The question isn’t why Snowden blew the whistle, but why so many others didn’t

A Bloomberg headline says it all: “NSA Leaker Recalled as Shy Computer-Bound Maryland Teenager”

“He was always very quiet, and he was always on his computer,” Joyce Kinsey, a neighbor, told reporters Julie Bykowicz and Greg Giroux. Obviously, if Edward Snowden had devoted more time to football or baseball he wouldn’t now be on the run.

And then we come to the question that for two journalists whose beat is money in politics, seems like their deepest concern:

As U.S. investigators begin a probe into how Snowden copied highly classified materials and disseminated them to two news outlets, another looming question for members of Congress and the White House is why he decided to become disloyal to the government that sustained his family.

Snowden bit the hand that feeds his family — the unintended implication being that loyalty to the U.S. government is generally reliably sustained by cash. You get paid, you keep your mouth shut.

As for political insight into Snowden’s motives for becoming a whistleblower, supposedly the only clue comes from his two $250 donations to the Ron Paul presidential campaign in 2012 — no doubt federal employees who happen to be Paul supporters will now be more paranoid than ever, with good reason.

The narrative thrust in this profile is one which we will see again and again: Edward Snowden did what he did because of who he is — not because of what he saw.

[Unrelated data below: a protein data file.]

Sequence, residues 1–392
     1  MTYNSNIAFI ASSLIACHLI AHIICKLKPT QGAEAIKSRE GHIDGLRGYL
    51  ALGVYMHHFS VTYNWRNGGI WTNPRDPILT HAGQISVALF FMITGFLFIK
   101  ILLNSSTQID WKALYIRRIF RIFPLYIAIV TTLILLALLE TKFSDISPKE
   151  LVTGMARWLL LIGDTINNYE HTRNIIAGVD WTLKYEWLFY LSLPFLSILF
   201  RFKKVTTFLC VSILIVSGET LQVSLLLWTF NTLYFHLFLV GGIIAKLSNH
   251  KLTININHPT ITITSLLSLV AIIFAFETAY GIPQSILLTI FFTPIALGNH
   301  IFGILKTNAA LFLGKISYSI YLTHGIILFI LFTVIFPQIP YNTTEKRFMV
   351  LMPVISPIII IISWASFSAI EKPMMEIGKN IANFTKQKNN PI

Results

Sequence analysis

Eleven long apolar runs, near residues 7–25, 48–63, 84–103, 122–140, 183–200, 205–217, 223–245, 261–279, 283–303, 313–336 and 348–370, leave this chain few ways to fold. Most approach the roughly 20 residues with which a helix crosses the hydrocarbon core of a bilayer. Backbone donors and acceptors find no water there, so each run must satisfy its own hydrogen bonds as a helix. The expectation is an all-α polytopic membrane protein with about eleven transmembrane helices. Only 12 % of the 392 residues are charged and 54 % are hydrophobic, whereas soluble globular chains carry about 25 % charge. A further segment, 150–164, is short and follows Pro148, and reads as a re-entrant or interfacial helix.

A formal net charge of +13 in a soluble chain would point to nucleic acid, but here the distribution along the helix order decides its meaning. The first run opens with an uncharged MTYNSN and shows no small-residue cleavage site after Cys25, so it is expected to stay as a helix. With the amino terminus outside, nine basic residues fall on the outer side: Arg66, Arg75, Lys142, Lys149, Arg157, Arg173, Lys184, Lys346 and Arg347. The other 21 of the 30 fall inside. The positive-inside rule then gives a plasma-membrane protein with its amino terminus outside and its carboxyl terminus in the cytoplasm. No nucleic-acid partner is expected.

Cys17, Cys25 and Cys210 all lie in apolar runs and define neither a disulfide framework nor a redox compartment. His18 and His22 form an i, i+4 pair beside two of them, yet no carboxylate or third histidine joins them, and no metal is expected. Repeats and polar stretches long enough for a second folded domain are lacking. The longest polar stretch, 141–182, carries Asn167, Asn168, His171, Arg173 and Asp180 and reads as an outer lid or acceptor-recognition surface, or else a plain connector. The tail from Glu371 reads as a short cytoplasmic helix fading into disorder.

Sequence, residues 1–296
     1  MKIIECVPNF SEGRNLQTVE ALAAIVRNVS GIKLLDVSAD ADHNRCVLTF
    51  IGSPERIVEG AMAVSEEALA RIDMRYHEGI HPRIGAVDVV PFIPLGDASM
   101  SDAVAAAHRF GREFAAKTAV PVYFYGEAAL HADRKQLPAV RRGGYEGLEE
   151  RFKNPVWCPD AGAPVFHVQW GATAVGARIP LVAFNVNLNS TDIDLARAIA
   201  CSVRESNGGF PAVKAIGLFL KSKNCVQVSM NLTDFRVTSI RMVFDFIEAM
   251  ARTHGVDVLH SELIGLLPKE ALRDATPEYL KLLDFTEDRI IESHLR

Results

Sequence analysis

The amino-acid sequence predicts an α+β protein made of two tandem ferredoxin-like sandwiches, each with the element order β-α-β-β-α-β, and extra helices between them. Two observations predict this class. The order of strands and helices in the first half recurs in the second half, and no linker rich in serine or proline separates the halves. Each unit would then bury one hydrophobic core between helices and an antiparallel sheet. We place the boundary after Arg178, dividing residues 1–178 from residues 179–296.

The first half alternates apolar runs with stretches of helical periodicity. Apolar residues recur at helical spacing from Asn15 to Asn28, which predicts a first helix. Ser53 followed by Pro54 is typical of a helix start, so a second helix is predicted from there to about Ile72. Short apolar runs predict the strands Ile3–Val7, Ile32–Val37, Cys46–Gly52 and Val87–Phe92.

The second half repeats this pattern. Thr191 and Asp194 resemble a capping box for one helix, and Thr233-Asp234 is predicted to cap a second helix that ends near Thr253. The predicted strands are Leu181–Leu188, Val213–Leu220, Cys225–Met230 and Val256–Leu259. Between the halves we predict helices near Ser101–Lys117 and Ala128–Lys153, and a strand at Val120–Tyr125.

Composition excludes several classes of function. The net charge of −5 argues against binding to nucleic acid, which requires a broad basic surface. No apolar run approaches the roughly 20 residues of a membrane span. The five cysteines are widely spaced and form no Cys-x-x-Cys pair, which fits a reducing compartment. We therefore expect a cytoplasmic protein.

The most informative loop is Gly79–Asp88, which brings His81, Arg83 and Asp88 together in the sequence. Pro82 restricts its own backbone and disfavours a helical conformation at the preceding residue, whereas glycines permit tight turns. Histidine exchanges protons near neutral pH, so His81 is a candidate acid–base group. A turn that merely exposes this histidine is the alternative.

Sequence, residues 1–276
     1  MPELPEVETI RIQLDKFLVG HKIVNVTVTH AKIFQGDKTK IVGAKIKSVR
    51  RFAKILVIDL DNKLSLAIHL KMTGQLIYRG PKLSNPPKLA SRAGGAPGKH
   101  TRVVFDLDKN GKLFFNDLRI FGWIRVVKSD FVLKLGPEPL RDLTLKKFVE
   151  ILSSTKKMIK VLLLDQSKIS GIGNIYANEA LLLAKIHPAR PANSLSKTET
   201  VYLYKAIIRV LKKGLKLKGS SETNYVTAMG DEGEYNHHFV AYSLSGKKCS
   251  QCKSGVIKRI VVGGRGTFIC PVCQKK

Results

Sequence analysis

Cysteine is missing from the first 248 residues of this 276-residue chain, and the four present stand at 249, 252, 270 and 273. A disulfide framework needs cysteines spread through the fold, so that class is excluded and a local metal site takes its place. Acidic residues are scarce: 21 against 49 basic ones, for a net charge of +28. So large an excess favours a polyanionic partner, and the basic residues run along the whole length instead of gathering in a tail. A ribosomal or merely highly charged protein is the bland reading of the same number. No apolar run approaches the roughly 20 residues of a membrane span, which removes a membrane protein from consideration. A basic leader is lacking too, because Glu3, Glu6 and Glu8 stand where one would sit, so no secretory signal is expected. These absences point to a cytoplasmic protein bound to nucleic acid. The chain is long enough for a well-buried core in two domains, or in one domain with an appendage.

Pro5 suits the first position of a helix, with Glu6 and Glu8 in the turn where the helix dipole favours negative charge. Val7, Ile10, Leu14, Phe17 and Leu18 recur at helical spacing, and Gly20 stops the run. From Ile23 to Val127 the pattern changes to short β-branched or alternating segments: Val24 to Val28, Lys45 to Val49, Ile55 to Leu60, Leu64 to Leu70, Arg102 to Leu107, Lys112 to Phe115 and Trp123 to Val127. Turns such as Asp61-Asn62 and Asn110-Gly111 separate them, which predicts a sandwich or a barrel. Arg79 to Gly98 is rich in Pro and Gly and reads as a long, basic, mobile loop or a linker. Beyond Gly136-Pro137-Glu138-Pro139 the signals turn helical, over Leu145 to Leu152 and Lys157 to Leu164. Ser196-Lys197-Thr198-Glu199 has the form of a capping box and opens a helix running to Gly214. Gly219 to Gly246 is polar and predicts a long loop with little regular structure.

But the questions that should concern Americans and journalists who have an interest about the way their government operates and the nature of the society they live in, should not be about the personal details of Snowden’s life.

What he has revealed, hundreds — perhaps thousands — of other Americans already knew about and were willing to keep concealed from their fellow citizens. No doubt some had unshakable conviction that such surveillance is essential and for these true believers, maintaining secrecy amounted to doing the right thing. But Snowden could not have been alone in being troubled by the extent to which surveillance had become expanded without any public awareness or consent.

Ask not why Snowden blew the whistle but why so many others didn’t. And beyond that, ask why it is that during a decade which has seen illegal war, illegal killing, torture, kidnapping, and mass surveillance, not a single senior government official has tendered their resignation and said that as a matter of conscience they had to speak out.

We live in a society where it appears that for anyone to advance into a position of great responsibility, the individual’s conscience must become tethered in the process.